Reply to Opperman
Posted on May 30th, 2014

By Shelton A. Gunaratne

Paul Opperman (“An argument based on silliness,” The Forum, May 11, 2014) questions the purpose of my essay titled “Natural law says it’s all in flux” published a week earlier on May 4, 2014).

My purpose was to point out the Buddhist approach to conflict resolution that is hardly known and discussed in this part of the world.

Opperman says “the reader has to doubt” the sincerity of my “closing call for dialogue” between the Sinhalese and the Tamils in Sri Lanka “when the apparent purpose of most of the essay” was to elevate that the Buddhist doctrine of no self  (anatta) as true while downgrading the beliefs of other faiths as “false because they hold doctrines of some kind of permanent self or immortal life.”

Thus Opperman disingenuously creates an Aunt Sally, better known as a straw man, by inferring that the apparent purpose of my essay was to denigrate those who believe in self or soul (atta). This inference is vastly different from my intended purpose.

My explication of the concept of anatta (no self) was solely to illustrate the distinct difference between Buddhism and theistic religions.

Opperman then comes to the defence of the Tamils by accusing me of “silliness” because, in his view I try to associate their unsatisfactory state with their various beliefs in a permanent self, which makes them greedy. This is another of Opperman’s disingenuous attempts to mislead.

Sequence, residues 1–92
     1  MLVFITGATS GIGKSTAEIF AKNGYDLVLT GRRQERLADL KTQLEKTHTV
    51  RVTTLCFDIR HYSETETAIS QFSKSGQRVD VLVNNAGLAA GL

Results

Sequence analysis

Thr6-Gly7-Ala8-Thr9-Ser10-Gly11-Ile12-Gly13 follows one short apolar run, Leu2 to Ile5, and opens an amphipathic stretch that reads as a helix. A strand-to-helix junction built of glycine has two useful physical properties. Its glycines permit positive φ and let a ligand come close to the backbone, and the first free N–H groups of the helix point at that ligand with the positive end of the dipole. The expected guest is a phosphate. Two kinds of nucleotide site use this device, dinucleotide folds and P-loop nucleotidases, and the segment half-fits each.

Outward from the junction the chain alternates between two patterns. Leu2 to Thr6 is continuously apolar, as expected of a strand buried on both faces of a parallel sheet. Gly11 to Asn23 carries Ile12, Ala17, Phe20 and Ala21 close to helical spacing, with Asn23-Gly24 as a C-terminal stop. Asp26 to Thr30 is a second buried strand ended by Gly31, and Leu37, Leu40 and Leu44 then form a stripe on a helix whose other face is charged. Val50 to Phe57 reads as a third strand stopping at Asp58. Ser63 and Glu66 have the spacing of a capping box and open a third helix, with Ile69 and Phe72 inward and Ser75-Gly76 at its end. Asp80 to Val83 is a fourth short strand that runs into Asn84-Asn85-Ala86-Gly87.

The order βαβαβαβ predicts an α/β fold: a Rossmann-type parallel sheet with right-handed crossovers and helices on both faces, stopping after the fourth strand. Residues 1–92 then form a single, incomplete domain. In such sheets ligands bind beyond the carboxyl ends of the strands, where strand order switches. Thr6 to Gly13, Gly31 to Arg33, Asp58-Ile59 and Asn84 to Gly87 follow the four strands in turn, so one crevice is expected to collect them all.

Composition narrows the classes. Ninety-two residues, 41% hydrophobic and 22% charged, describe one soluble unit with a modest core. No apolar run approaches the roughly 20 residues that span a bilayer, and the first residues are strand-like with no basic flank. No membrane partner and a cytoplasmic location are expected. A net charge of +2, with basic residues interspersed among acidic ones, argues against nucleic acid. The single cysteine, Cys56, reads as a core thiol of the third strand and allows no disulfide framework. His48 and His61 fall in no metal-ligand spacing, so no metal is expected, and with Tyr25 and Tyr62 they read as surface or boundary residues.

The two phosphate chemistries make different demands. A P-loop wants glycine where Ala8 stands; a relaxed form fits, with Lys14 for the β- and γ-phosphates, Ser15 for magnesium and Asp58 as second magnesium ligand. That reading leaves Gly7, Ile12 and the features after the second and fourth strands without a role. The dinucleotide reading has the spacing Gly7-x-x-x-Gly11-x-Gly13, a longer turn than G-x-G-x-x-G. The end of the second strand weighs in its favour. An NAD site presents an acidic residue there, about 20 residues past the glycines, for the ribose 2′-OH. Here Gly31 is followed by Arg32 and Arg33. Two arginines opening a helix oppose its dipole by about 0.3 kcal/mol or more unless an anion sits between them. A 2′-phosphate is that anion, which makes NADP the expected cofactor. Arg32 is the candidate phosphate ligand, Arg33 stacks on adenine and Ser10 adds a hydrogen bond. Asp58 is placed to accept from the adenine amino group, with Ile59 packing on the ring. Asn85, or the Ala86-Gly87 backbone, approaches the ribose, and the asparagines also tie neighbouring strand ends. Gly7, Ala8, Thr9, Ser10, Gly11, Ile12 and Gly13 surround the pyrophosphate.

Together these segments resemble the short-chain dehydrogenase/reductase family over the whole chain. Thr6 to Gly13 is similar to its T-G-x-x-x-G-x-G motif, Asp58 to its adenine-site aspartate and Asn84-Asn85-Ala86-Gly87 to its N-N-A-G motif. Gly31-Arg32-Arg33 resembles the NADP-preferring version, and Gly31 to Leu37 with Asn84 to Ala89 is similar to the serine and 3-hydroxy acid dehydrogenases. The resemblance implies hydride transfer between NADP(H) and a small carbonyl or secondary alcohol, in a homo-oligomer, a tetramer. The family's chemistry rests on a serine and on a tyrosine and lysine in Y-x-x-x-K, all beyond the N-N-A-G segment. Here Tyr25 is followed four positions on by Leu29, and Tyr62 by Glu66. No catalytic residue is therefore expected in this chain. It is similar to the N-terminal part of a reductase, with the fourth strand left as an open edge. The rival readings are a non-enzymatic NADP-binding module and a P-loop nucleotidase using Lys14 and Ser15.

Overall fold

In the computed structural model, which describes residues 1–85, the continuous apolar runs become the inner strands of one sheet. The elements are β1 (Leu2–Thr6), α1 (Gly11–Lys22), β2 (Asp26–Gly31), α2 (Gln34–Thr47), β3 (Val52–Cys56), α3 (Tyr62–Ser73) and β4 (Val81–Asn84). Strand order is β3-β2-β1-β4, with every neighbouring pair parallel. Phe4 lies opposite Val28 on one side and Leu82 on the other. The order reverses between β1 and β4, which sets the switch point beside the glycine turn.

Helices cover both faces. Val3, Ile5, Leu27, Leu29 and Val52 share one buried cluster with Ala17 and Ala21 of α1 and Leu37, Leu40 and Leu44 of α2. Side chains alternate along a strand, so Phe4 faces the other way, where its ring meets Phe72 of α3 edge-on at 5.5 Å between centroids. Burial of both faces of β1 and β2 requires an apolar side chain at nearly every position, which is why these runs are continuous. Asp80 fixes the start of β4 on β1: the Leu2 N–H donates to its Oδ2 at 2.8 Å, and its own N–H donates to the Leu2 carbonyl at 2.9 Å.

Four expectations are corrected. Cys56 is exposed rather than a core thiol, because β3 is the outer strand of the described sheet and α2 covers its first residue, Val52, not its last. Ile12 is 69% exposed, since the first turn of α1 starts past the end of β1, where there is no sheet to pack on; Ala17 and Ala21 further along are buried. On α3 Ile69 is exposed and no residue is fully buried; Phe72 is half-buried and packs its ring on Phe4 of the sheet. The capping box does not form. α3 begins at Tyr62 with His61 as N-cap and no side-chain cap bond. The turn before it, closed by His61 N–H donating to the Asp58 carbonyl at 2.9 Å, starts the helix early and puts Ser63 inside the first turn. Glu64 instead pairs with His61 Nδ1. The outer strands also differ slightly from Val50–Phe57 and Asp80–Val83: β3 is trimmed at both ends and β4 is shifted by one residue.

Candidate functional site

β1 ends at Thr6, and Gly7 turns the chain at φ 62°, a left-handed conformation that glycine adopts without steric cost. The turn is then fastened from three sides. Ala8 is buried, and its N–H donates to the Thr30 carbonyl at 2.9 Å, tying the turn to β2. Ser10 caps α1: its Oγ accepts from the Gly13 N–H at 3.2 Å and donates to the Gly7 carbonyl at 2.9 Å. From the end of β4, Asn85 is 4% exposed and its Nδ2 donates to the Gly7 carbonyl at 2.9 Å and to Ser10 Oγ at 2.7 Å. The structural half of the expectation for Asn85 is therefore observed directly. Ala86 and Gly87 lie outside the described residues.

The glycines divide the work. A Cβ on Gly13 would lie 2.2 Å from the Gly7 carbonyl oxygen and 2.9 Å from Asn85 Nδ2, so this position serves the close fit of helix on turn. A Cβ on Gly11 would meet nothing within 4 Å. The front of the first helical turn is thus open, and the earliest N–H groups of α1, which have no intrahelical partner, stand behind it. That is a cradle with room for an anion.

The Four Noble Truths is applicable to all   humanity, not just the Tamils or the Sinhalese.  Mine was not an attempt to blame the Tamils, but an appeal for both parties to come together. The blame lies in Sinhalese who don’t observe the Buddhist doctrine as well.

Opperman also says I was “silly’ for trying to combine belief in self/soul with the three marks of existence–inconstancy, no self and unsatisfactoriness””encompassing the Four Noble Truths. What I tried to do was to explain the dynamics of the doctrine of dependent co-arising for the uninitiated.

Buddha himself never claimed to be a god, and he kept silent on the question of a creator God.

As evident in Kalama Sutta, Buddha did not try to impose his doctrine on anyone else. It was entirely up to each sentient being to find out the truth through personal experience.

Let me ask Opperman a “silly” question: Do you believe you have a soul/self that will remain constant from birth to death and then until the Day of Judgment?

My hunch is you do. If you had understood that you had no self, you would not have created an Aunt Sally to prove my silliness.

I am an imperfect Buddhist. If I realized I had no self, I would have not replied to your response. I am still clinging on to the silly delusion of ego, a facet of my “self.”

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